The Labour Party's plans to push through proposals requiring private schools to open their facilities to state school students have been slammed by independent schools as "ignorant" and "prejudiced".
If the plans go ahead, the schools will also be made to give state school pupils career advice, as well as offering up their sports, art and music facilities for use.
Shadow Charities Minister Anna Turley proposed the amendment to the Charities (Protection and Social Investment) Bill, which will be debated in a House of Commons committee on Thursday.
Under the proposed legislation, independent schools across the country would be forced to offer careers advice, part of which would be helping students apply for university and work experience placements.
There are 1,267 private schools in the UK, and 998 with charitable status. There is current legislation to ensure that independent schools benefit local communities and students, but they are allowed to decide themselves how they should meet their responsibilities. This legislation would be the first to definitively outline what exactly independent schools have to provide.
Robin Fletcher, National Director of the Boarding Schools' Association, told HuffPost UK: “These are half-baked proposals, built on prejudice against private schools and based on ignorance about the huge amount of brilliant partnership work that happens now.
“Clearly someone has no idea that hundreds of independent schools already have extensive partnerships with local communities and state schools, often much broader than what is being put forward”.
Education Secretary Nicky Morgan accused Labour of patronising state schools. “The truth is this betrays the Labour Party’s prejudiced and outdated assumption that state schools lag behind private schools.
“The truth is English schools have been transformed in the past five years and many far outclass their counterparts in private sector”, she told The Telegraph.
However, Morgan might not be able to stop the legislation: the Conservatives only have a majority of two MPs on the committee - any absences or rogue votes could mean that Labour succeed in passing the legislation, which Turley says has the backing of leader Jeremy Corbyn.
Even if the committee votes down the proposals, The Telegraph reported the changes are now official Labour party policy, and that the party would continue to seek to have the policy implemented.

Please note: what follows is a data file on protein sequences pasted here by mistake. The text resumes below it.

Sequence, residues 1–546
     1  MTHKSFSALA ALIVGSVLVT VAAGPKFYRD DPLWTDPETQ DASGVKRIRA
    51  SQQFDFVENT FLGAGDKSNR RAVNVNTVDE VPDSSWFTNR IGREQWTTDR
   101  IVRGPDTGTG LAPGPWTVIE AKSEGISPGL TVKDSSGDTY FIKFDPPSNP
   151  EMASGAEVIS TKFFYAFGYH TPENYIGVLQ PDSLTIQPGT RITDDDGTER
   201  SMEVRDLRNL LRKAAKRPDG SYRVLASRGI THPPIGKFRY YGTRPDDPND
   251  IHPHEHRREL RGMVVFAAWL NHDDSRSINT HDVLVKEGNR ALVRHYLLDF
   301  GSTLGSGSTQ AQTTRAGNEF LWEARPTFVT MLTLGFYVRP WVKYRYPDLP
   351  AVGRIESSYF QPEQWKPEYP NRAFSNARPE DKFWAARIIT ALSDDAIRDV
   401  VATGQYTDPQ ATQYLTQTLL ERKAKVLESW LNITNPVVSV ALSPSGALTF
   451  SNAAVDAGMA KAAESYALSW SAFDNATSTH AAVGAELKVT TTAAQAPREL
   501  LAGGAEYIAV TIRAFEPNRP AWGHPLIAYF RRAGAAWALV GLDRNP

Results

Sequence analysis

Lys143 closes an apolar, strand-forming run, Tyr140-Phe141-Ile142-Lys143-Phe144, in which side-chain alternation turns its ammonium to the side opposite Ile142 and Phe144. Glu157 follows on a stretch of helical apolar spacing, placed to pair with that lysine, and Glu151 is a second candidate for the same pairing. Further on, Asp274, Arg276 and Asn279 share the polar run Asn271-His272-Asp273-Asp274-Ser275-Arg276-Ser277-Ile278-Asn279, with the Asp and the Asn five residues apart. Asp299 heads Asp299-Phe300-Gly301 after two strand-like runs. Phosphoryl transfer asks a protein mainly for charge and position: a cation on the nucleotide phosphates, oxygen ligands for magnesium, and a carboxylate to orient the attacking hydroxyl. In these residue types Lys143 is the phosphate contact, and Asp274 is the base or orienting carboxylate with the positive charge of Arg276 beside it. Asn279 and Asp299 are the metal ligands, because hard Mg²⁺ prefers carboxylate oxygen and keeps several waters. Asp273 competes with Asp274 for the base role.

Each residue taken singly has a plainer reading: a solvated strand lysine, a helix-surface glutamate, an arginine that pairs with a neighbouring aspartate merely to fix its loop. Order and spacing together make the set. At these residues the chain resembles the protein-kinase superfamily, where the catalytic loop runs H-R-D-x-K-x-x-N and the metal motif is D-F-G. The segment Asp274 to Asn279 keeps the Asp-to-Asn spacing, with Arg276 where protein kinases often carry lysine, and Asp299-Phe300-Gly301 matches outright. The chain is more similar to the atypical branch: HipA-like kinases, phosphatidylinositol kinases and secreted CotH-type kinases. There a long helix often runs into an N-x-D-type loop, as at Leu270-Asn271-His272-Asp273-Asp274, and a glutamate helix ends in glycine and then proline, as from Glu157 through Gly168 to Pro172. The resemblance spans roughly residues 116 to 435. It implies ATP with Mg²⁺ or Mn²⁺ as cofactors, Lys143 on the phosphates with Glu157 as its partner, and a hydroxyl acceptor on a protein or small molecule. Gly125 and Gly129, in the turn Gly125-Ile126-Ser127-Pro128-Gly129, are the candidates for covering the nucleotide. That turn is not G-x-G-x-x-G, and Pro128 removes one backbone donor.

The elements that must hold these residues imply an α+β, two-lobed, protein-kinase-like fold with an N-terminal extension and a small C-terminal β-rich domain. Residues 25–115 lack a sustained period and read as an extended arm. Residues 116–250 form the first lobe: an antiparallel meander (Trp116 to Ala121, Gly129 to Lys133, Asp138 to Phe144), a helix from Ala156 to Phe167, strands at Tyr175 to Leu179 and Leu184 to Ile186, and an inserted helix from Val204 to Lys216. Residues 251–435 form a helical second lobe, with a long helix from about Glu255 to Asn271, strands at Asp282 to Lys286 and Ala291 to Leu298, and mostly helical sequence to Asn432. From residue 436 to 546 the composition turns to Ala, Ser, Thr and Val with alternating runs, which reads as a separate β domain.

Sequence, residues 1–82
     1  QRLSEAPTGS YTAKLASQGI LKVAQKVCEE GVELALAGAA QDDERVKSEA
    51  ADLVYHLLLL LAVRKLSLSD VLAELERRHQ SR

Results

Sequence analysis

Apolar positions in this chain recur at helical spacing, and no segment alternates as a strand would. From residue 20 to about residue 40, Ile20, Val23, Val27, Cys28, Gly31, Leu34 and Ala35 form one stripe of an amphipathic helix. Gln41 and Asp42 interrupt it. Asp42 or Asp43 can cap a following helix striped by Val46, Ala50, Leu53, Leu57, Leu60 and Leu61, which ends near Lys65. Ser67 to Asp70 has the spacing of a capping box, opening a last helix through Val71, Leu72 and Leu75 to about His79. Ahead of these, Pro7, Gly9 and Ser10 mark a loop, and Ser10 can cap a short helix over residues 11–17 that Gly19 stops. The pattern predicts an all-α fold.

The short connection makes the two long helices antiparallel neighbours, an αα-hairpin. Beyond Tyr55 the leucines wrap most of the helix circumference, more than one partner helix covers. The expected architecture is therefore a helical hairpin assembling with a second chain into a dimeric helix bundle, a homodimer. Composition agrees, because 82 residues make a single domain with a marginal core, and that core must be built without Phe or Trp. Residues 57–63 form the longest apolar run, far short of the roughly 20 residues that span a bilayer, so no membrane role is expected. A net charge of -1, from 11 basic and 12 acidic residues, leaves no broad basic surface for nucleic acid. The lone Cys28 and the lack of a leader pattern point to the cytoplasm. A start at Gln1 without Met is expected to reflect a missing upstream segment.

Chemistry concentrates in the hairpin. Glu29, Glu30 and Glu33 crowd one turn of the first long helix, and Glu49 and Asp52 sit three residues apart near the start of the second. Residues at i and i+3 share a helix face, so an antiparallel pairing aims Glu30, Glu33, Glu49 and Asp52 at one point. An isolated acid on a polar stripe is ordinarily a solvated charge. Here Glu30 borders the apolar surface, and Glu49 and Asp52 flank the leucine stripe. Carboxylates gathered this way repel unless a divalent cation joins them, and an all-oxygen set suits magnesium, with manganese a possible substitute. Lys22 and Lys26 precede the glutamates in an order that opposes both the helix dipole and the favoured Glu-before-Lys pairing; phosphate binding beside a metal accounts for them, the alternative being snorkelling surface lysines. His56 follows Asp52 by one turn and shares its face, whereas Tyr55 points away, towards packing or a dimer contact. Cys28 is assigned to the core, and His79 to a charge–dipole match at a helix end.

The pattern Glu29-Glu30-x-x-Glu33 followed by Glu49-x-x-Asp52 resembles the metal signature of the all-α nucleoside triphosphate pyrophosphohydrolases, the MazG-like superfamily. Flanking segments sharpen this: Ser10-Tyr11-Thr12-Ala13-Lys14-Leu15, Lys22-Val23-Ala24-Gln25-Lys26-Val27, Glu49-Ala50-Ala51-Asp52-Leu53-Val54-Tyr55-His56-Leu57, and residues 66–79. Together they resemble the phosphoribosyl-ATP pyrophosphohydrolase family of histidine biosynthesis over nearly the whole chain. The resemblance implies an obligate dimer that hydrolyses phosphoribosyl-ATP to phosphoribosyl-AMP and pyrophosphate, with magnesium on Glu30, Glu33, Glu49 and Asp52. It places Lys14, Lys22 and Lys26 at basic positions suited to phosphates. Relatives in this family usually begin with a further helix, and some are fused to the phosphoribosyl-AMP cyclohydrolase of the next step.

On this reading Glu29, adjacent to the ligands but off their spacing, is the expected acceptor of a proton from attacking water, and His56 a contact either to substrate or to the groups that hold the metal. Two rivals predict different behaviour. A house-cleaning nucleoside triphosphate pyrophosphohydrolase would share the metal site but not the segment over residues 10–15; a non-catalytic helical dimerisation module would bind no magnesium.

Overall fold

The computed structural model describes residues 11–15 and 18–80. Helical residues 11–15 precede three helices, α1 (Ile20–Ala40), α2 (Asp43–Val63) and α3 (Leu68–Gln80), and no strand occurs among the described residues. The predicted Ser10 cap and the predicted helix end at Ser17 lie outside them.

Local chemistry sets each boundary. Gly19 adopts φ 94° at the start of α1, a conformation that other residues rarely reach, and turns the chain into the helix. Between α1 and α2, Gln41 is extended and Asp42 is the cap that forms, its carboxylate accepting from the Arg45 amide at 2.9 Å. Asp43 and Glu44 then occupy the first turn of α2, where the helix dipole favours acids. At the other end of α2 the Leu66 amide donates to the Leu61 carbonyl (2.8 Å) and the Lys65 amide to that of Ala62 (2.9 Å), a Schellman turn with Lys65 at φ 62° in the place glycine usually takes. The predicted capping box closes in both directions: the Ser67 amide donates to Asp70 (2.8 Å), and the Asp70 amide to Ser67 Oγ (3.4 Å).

Corbyn’s disdain for selective and private education is well known: he ended his marriage of 12 years when his wife insisted their eldest child attend a grammar school.
Lucy Powell MP, the Shadow Secretary of State for Education, responded to critics of the legislation.
She told HuffPost UK: "There are many many excellent state schools who do a fantastic job but with social mobility stalling we want to see more collaboration in the system and the whole independent sector doing more to engage and work with other local schools whether that’s sharing facilities, or experience.
"Some of the best private schools do that but many don’t. As a result more should be done to ensure the independent sector earn their charitable status", she said.
Sir Peter Lampl, Chairman of the Sutton Trust, agreed.
“It is important that fee-paying schools do more to open their facilities to state school students, and the Sutton Trust worked with the last Labour government to make this happen", he told HuffPost UK.
“Our research consistently shows that those educated at independent schools are over represented in all spheres of public life, from law and politics, to journalism and medicine. However, almost all pupils who attend independent schools come from well-off families who are able to afford the fees", he added.
Shadow Minister Turley, who herself attended a private school, explained her feelings on proposing the legislation when she said: “I felt very heavily, and it still weighs on my mind now, the privilege that I had.”
A Department of Education spokesperson told HuffPost UK: “There are many independent schools in vibrant partnerships with local state funded schools. These partnerships can include a huge range of activities, from curriculum and teaching support through to the sharing of facilities and joint events, for example in sports, music and drama.
“Each year the Independent Schools Council surveys its member schools and has reported that over 90% of its schools are engaged in some form of partnership.”